Monday, September 30, 2013

The Kingdom of God

To speak of the Kingdom of God is to speak of a divine political order that stands in contrast to the politics of man. Christians throughout the world are not merely members of the various nations who worship the same God in their personal devotions. They constitute a nation in their own right, a distinctive people, called out and separated from the kingdoms of the world, and born from above through faith in Christ into another kingdom with its own political order.

The form of this political order is absolute monarchy. Regardless of the particular forms of administration under which the Monarch’s sovereignty is delegated to his ministers in the different spheres of life (i.e. family, Church, State), the Christian nation is governed by an absolute Monarch whose law is unchangeable, whose jurisdiction is unlimited, and whose will is final. His ministers, or vicegerents, who govern under his law in the various institutional aspects of the life of the nation, may or may not be chosen by means of elections, depending on the nature of the institution (e.g. elections may be used in choosing elders—Ex. 18:25; Dt. 1:13–15; Acts 14: 23 cf. 6:3–6, but such elections have no place in the family). Nevertheless, those chosen by whatever means are bound absolutely to govern these institutions under the will of God as revealed in his law. This applies not only in the government of the Church but in the family and the State also. No Christian politician, chosen by whatever means, or belonging to any particular political party, has any dispensation to serve any other Lord. In his work as a politician he owes an absolute and unswerving loyalty and obedience to the Lord Jesus Christ.

Rome recognised the inevitable conflict between Christ and Caesar that this fact created. So did the early Church. It is the modern Church’s failure to recognise the inevitable and exhaustive nature of this antithesis that has in large measure rendered the Church so irrelevant and powerless in the modern world. We can put this another way by saying that the modern Church has failed to recognise that all political thought and action is inevitably religious, and that since Christianity is a religion it must of necessity have a distinctive view of political order. Had the early Christians been prepared to do what the modern Church on the whole seems prepared to do, namely to restrict their worship of Christ to a personal salvation cult, which is what the various permitted mystery cults were, there would have been no conflict with Rome. But they were not prepared to do this. The conflict was a political conflict because it was a religious conflict. It has been observed that in Rome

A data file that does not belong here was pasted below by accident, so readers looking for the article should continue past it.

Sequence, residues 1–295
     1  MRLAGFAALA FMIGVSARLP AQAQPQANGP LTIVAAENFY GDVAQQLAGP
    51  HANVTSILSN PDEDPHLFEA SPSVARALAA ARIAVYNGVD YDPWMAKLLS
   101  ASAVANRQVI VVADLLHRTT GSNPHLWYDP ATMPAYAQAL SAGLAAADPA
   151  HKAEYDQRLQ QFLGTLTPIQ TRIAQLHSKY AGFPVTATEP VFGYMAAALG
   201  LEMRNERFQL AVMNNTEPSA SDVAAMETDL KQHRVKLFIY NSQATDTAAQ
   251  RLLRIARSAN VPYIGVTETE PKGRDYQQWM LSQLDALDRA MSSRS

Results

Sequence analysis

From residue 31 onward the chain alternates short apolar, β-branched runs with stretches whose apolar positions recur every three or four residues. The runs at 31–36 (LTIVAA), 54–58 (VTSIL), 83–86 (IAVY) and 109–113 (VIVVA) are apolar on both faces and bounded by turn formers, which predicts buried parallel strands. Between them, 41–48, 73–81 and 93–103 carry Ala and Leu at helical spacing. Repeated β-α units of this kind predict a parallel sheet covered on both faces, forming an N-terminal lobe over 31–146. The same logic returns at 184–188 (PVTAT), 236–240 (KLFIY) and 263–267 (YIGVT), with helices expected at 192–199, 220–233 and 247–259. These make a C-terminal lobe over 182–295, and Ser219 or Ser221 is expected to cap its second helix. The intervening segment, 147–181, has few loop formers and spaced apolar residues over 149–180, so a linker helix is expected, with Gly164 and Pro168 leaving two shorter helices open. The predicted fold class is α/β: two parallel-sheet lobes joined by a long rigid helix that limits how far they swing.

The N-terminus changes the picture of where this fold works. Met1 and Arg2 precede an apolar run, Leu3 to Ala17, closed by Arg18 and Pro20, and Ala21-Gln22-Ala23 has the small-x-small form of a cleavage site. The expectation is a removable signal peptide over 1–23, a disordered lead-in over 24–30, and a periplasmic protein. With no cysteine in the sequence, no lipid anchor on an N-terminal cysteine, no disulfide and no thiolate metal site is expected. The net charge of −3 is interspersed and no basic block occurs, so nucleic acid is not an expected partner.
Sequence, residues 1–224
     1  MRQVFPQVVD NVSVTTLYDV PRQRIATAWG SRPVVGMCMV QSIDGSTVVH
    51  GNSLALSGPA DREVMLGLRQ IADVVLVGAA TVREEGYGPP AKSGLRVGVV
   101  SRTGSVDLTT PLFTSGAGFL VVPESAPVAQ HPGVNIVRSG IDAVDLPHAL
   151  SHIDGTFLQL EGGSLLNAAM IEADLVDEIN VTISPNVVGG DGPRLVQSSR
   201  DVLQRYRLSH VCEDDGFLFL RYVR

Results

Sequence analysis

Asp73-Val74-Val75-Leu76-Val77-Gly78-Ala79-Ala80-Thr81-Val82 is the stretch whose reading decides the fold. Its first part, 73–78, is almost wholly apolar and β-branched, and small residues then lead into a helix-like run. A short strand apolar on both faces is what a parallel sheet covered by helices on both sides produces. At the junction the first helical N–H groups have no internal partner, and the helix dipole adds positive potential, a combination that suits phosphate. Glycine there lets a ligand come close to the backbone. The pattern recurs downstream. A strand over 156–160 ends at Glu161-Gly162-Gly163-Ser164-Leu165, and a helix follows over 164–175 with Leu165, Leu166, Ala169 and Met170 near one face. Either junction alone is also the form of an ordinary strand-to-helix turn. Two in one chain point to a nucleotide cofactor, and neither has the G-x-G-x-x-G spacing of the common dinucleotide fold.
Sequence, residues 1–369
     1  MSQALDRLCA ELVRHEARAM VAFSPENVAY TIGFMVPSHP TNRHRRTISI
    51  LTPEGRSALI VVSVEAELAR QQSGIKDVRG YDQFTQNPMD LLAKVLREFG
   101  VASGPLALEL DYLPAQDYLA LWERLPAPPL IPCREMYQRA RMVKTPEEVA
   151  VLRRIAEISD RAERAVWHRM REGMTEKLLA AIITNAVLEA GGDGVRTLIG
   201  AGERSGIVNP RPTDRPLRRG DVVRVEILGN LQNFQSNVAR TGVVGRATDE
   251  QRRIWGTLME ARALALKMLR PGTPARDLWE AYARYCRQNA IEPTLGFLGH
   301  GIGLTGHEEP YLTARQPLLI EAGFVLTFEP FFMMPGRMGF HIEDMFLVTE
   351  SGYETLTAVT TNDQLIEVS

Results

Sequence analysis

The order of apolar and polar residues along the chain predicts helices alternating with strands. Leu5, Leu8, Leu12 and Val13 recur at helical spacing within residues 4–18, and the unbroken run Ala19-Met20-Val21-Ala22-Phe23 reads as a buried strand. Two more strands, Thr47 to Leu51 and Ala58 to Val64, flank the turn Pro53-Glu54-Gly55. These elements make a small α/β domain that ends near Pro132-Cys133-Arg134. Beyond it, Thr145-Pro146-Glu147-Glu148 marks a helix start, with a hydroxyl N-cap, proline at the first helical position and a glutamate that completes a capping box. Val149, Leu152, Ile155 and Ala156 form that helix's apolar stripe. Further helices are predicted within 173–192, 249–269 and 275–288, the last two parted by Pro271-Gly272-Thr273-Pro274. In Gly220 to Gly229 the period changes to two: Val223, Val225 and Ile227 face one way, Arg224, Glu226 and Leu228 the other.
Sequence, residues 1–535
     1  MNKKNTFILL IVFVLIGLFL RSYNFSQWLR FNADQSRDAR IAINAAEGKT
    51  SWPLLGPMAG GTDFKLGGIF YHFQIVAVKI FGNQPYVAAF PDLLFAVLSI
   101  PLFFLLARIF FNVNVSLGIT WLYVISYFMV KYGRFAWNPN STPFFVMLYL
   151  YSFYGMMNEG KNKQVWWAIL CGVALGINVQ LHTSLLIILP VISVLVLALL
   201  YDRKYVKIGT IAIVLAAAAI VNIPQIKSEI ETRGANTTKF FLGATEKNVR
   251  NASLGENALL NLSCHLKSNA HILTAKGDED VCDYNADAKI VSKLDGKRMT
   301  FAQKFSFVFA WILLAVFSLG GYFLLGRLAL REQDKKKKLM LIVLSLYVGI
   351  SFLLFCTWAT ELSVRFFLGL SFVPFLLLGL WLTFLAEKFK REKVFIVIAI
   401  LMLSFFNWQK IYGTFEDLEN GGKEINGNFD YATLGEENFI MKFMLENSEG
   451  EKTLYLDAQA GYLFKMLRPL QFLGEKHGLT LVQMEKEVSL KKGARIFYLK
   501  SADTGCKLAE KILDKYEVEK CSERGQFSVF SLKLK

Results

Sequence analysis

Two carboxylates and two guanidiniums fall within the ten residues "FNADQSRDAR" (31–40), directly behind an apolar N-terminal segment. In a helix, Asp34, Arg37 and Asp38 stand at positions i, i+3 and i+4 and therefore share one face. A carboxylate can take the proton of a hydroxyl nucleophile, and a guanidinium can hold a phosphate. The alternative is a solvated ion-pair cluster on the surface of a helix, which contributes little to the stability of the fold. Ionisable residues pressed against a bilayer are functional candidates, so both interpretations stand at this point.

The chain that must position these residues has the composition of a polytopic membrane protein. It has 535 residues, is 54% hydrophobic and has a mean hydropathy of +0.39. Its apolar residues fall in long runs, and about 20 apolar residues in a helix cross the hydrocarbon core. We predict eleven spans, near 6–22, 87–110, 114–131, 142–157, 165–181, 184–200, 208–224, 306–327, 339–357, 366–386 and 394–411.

“The framework for the religious and familial acts of piety was Rome itself, the central and most sacred community. Rome strictly controlled all rights of corporation, assembly, religious meetings, clubs, and street gatherings, and it brooked no possible rival to its centrality. One of the reasons for the later supremacy of the military bodies over Rome was the lack of any organized bodies within the state to provide a counter-balance to the two swollen bodies which became the rulers of the Empire: the army and the abiding and growing civil service. The state alone could organize; short of conspiracy, the citizen could not. On this ground alone, the highly organized Christian Church was an offense and an affront to the state, and an illegal organization readily suspected of conspiracy.” [1]